The Global Wind Energy Council has released its quarterly update on the global wind auctions database, a key tool for the wind industry to stay updated on all the latest developments and business opportunities for markets around the world.
Although the COVID-19 pandemic has impacted wind auctions globally, many countries have shown resilience in the face of the crisis and have continued driving growth of the industry.
During Q2 2020, a total of 2.17 GW of wind power capacity was auctioned globally, of which 1.77 GW was in Europe and 0.4 GW in Asia-Pacific. These results are significantly lower than the 4 GW of wind farm capacity that was auctioned during the same period last year, which is primarily due to delays and postponement in some of the key matured and developing markets as a result of the COVID-19 crisis. However, many key markets for wind turbines have continued their auctions as planned despite the crisis, which has been an important factor to secure the sustained growth of the industry.
In Europe, France held the fifth round of their wind auctions, which was oversubscribed. Italy, which aims to install 4.8 GW of wind power capacity up to 2021, awarded 406 MW (out of the auctioned 500 MW) in RE Auction Round 2. Germany executed two auctions out of which wind bids were not submitted under joint wind/solar auction due to restricting regulations, and Greece executed their second joint wind and solar auction resulting in their lowest ever average bid tariff. Ireland has released the provisional auction results for its Renewable Energy Electricity Support Scheme 1 (REES 1), which to date includes 479 MW out of 500 MW of successful onshore wind bids.
In Asia, during Q2 2020 India awarded a unique 400 MW Round-the-Clock auction to procure power from solar, wind, and hybrid projects to address renewable energy generation intermittency. After the amendments in the long delayed SECI T-IX ISTS, the result for the 2.5 GW wind blended with solar tender, which includes a80 per cent wind component was announced in August. The tender was significantly under-subscribed, with only 970 MW awarded.
In China, no auctions were awarded during Q1 and Q2 2020. This is mainly due to two factors: firstly, the deadline for submitting parity project applications was postponed to the end of April 2020 due to COVID-19 and the approval was not announced until August 2020; secondly, provinces that have reached their 2020 onshore and offshore wind targets included in their thirteenth Five-year Plan will not be allowed to auction new capacity and approve any new wind project in 2020.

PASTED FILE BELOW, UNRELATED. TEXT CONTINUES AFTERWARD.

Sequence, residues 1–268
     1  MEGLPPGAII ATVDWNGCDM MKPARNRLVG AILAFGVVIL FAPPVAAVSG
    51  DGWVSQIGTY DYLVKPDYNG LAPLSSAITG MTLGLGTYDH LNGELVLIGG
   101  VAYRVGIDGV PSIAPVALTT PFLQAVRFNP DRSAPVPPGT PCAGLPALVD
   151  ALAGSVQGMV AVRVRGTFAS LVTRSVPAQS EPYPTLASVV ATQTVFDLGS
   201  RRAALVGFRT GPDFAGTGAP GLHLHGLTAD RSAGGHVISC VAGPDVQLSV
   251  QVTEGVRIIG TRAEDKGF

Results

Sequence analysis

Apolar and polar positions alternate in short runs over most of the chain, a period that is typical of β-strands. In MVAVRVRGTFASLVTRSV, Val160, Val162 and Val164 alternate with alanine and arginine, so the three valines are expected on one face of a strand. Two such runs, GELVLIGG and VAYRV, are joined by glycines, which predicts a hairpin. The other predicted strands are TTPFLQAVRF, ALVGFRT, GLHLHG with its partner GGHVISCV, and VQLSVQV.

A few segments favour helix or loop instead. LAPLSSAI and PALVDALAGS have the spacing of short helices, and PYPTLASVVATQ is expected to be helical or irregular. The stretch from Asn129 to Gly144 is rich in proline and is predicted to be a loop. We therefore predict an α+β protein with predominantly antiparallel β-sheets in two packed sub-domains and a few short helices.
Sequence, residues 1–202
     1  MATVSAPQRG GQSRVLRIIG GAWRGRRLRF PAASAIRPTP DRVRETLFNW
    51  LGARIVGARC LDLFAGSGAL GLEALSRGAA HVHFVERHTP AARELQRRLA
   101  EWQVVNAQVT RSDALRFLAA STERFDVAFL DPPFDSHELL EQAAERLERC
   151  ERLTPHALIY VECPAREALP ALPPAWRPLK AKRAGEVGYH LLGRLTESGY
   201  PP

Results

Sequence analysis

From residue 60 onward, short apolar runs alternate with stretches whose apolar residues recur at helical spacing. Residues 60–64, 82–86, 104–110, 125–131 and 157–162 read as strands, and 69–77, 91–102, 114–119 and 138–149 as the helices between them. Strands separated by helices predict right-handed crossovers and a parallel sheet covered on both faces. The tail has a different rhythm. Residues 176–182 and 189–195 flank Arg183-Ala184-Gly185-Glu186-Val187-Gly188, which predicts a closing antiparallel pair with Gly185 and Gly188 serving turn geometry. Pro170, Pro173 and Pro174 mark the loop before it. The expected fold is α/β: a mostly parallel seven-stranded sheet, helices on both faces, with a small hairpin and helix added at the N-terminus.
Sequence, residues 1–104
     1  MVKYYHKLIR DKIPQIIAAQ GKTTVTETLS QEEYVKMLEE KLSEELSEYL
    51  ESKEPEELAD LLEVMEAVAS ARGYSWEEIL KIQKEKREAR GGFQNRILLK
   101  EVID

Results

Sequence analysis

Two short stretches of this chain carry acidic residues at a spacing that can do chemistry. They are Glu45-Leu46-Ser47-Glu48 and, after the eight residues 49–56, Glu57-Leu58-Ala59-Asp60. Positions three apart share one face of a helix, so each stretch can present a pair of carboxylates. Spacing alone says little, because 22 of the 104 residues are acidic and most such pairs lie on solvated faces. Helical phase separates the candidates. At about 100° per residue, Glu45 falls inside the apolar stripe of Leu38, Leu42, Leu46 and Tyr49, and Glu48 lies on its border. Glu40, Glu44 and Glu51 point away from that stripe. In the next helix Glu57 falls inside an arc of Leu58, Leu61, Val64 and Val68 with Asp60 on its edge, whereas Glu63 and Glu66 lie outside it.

In Latin America, auctions were much more impacted by the COVID-19 pandemic compared to other regions. Aside from Panama where the government announced it is working on a tender for renewable energy, which should be ready in December 2021, the remainder of the major markets in the region have either halted or postponed wind auctions. Brazil postponed all tenders scheduled for 2020, with Mexico and Colombia taking the decision to not issue a tender in 2020 due to a significant drop in energy demand during the COVID-19 crisis. Auctions are also on stand-by in Chile and Costa Rica due to changes in regulation, while in Argentina auctions were suspended before COVID-19.
In the US, New York held plans to solicit their second round of offshore wind power bids for at least 1 GW in April 2020 and NYSERDA stated that the solicitation was not advisable during the COVID-19 crisis. However, in July the state relaunched the tender for 2.5 GW of offshore wind capacity, with a submission deadline in October 2020, and contracts due to be executed in Q4 2020.
Considering that the COVID-19 pandemic has created major disruptions on supply chains and the flow of workforce, impacting wind power development across the globe, action on the side of policymakers will be crucial to ensure that projects can meet their deadlines. This will require governments to not only adapt the auctions that are currently scheduled, but also to look ahead and extend project commission deadlines for auctions that have already taken place to provide security for the industry and create a healthy project pipeline.
Earlier this year, GWEC and leading wind industry corporates and associations released a joint statement calling on governments to put wind energy at the centre of their economic stimulus packages to support a Green Recovery from COVID-19. The statement highlights the vital role of the wind industry to drive growth and job creation and create thriving local economies.